Associations between weight status, physical activity, and consumption of biscuits, cakes and confectionery among young people in Britain
Article first published online: 12 NOV 2004
Volume 29, Issue 4, pages 301–309, December 2004
How to Cite
Gibson, S., Lambert, J. and Neate, D. (2004), Associations between weight status, physical activity, and consumption of biscuits, cakes and confectionery among young people in Britain. Nutrition Bulletin, 29: 301–309. doi: 10.1111/j.1467-3010.2004.00445.x
- Issue published online: 12 NOV 2004
- Article first published online: 12 NOV 2004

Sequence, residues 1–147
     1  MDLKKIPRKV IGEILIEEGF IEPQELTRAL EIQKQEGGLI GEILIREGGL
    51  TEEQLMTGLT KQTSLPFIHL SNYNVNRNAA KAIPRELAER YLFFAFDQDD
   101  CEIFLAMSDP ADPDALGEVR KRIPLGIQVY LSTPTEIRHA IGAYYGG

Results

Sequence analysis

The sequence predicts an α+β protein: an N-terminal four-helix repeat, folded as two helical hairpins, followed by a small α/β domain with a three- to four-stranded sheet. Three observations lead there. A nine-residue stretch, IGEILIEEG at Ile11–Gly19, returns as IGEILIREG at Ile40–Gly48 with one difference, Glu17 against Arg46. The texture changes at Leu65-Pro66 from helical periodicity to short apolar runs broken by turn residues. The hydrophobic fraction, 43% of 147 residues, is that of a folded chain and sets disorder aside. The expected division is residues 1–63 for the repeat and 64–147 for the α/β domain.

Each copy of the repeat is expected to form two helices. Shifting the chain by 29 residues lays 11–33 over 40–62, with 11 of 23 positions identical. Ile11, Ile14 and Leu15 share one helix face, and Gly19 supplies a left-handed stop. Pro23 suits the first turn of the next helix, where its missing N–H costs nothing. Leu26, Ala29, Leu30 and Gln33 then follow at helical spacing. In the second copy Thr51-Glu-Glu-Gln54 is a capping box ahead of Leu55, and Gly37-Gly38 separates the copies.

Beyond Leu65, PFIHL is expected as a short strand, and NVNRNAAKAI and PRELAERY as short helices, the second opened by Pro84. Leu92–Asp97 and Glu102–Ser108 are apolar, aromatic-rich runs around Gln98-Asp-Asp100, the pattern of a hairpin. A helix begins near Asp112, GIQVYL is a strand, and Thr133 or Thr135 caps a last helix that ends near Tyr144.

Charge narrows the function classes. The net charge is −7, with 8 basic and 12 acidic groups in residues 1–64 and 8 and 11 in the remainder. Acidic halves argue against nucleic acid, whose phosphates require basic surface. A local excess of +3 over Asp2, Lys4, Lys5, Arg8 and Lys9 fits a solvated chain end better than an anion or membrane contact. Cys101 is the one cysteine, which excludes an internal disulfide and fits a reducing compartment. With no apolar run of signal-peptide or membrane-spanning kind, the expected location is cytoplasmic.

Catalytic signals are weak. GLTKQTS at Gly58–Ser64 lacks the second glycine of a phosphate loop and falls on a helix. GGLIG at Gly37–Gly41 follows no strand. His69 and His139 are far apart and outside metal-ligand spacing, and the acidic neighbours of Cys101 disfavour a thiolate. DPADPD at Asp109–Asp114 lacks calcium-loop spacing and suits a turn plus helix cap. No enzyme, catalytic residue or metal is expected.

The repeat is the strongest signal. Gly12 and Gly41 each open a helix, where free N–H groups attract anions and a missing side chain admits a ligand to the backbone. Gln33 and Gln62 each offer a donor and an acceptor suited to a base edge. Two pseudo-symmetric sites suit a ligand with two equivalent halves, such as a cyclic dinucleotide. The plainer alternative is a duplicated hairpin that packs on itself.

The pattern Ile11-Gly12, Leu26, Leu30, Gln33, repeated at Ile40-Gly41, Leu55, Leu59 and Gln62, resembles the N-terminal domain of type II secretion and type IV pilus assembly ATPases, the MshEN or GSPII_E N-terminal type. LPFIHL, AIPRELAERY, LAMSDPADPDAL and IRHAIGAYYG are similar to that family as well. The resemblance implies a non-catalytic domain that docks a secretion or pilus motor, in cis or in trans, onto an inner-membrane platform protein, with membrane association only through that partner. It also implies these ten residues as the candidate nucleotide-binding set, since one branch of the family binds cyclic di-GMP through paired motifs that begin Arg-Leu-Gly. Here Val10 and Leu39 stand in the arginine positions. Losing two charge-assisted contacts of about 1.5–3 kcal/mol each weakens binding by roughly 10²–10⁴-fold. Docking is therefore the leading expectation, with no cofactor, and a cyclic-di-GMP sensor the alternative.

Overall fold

Summary This study explored the associations between weight status, physical activity and diet among young people in Britain, with special reference to consumption of biscuits, cakes and confectionery (BCC) and the impact of under-reporting and dieting. The sample consisted of 1294 children aged 7–18 years (655 boys and 639 girls) who had completed all three relevant aspects of the National Diet and Nutrition Survey of Young People (i.e. 7-day physical activity diary, 7-day dietary record and weight/height measurement) (Gregory & Lowe 2000). Age-adjusted body mass index (BMI) was positively associated with sedentary activity and inversely associated with moderate or vigorous activity among boys. Among girls, associations between BMI and activity were weaker. After adjustment for age, gender, under-reporting and dieting, predictors of overweight in the logistic regression model included components of energy intakes, and energy expenditure. Each extra megajoule (MJ) of energy from BCC increased the odds of overweight by 24% (OR 1.24, 95% confidence interval 1.02–1.52) while energy from other foods (per MJ) increased the odds by 76% (OR 1.76, 95% confidence interval 1.55–2.0). In the same model, each hour in moderate/vigorous activity reduced the odds by 26% (OR 0.74, 95% confidence interval 0.61–0.90); while each hour watching television, playing computer games or listening to music increased it by 10% (OR 1.10, 95% confidence interval 1.0–1.21). Thus overweight young people were no more likely to over consume sweet foods (biscuits cakes and confectionery) than other sources of energy. We conclude that the problem of overweight needs to be seen in its multidimensional context, involving activity and inactivity, energy intake and food habits. Intervention studies are needed to establish cause and effect relationships, but good observational studies adjusted for confounders, can add to the evidence base.